Water from current well as good or better than found in test drills
By Tina Snell, Staff Writer
Bolton & Menk Inc., consulting engineers from Mankato, told the Motley City Council Tuesday that seven test drills to find quality water in the city were completed.
Four of the seven sites produced inadequate water for the city’s needs.
The first boring, on County Line Road south of the railroad tracks, and the second boring on Poplar Lane, either did not produce significant water or there was no formation found.
The third boring, drilled on the east end of the field west of the swamp, produced not enough water for a production well.
The fifth boring produced no significant water.
From the fourth well drilled on the west end of the field, the water quality was nearly identical to the current well. There was no major improvement to the water.
The sixth and seventh wells drilled had less manganese but more iron content than the current well.
Bolton & Menk representative John Graupman asked if there could possibly be better water within 1.5 miles of the current well and the answer was probably not.
The report given by Graupman said that none of the water samples would be considered improved enough to affect the recommended plant design.
Bruce Brotherton, representing the city’s maintenance department, said that the best scenario would be to use the current well.
The Council previously approved the concrete filter design for the new water treatment plant. With results from seven test wells in hand, Bolton & Menk asked the Council to vote on proceeding with project.
First, Bolton & Menk needs to finish the design of Motley’s plant which Graupman said would be completed in January 2014. He expects the work to begin in the spring of 2014 and the water treatment plant to be on line by March 2015.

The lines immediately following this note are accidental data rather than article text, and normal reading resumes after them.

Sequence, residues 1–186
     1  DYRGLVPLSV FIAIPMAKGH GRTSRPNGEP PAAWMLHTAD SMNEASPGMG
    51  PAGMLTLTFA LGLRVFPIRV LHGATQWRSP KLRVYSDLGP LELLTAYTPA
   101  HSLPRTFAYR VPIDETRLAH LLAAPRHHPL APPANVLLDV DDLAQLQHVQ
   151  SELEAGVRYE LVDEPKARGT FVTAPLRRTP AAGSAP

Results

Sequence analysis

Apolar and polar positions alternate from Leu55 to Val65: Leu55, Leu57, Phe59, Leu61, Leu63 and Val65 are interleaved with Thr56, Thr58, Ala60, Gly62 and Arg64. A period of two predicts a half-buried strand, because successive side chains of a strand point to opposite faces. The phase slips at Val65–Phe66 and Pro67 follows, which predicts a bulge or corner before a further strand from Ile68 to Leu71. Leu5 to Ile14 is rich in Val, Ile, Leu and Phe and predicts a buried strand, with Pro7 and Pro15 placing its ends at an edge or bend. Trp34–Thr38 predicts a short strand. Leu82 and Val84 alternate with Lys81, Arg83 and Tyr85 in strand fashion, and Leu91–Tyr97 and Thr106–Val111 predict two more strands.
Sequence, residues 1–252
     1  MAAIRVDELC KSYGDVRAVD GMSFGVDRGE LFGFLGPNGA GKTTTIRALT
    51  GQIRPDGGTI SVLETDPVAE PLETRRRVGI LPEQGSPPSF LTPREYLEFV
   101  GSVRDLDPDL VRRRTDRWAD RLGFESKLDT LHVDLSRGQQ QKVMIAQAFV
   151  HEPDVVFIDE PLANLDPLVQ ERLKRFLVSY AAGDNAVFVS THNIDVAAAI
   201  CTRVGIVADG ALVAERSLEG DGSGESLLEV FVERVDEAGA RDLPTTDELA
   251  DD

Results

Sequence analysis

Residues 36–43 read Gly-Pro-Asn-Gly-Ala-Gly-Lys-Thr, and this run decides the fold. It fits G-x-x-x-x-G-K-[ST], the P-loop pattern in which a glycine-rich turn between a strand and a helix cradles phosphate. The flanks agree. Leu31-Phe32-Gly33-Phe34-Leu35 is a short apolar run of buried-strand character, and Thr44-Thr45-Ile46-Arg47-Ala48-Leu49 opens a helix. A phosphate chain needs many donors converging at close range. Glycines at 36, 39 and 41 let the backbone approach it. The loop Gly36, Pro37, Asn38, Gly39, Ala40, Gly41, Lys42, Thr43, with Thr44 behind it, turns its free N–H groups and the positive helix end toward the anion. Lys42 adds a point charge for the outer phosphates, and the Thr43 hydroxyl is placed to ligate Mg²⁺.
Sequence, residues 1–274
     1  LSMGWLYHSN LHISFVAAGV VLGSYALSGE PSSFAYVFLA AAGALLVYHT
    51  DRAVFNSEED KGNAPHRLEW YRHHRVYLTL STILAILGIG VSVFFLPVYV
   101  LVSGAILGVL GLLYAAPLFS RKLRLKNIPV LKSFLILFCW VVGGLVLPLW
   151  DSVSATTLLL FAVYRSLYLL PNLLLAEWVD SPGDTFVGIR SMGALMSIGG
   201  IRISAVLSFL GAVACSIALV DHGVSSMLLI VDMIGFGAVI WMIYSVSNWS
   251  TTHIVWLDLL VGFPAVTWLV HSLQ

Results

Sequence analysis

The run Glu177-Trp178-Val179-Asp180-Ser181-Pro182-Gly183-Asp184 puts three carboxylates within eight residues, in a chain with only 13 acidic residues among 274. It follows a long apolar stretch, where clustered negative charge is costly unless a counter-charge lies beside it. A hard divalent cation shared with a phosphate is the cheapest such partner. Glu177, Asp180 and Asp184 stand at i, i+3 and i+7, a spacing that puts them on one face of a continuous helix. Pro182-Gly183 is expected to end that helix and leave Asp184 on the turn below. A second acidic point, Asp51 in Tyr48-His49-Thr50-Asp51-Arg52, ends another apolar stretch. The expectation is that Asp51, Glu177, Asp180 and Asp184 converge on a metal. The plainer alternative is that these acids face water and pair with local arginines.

“Then the city needs to advertise for contractor’s bids,” said Graupman. “But, before obtaining bids, the city needs to secure agreements with both Morey’s and Trident for their portion of the cost of the project.”
The cost of the water treatment plant project is estimated to be $4.715 million. At the August Council meeting, it was determined that Morey’s and Trident would pay a portion of the assessment according to their water usage. Morey’s share is expected to be $1.179 million, Trident’s about $2.499 million and the city’s about $1.037 million from the tax base.
Motley City Council briefs
Other business conducted by the Motley City Council Tuesday night included:
• Passing a resolution to certify $2,670.29 of unpaid utility bills to the county auditor to be added to individual property tax assessments;
• Voting to hire Region 5 for the city’s comprehensive planning representative at a cost of $570 per month;
• Voting to send a cost estimate of unfinished work to a bonding agency for the work Kuechle Underground Inc. has not completed on the 2011 street improvement project. Aric Welch of Widseth Smith Nolting Engineers told the Council the city should use the 10 percent contingency money it held back from Kuechle’s bill to pay for the work necessary.
“This may spur some action from Kuechle,” said Welch;
• Learning all the city’s Christmas lights should be changed to LED lights this year. They will be up and running by Thanksgiving eve;
• Voting to accept the new fee schedule for 2014. Copies are available at City Hall;
• Accepting a donation from the Motley Lions Club for Christmas lights, valued at $312.53, and five picnic tables, valued at $933.51; and
• Voting to not accept the statutory tort limits, ensuring any one person would be able to recover no more than $500,000 in liabilities against the city.
The next City Council meeting will be held at the Motley City Hall Tuesday, Dec. 10, at 6 p.m.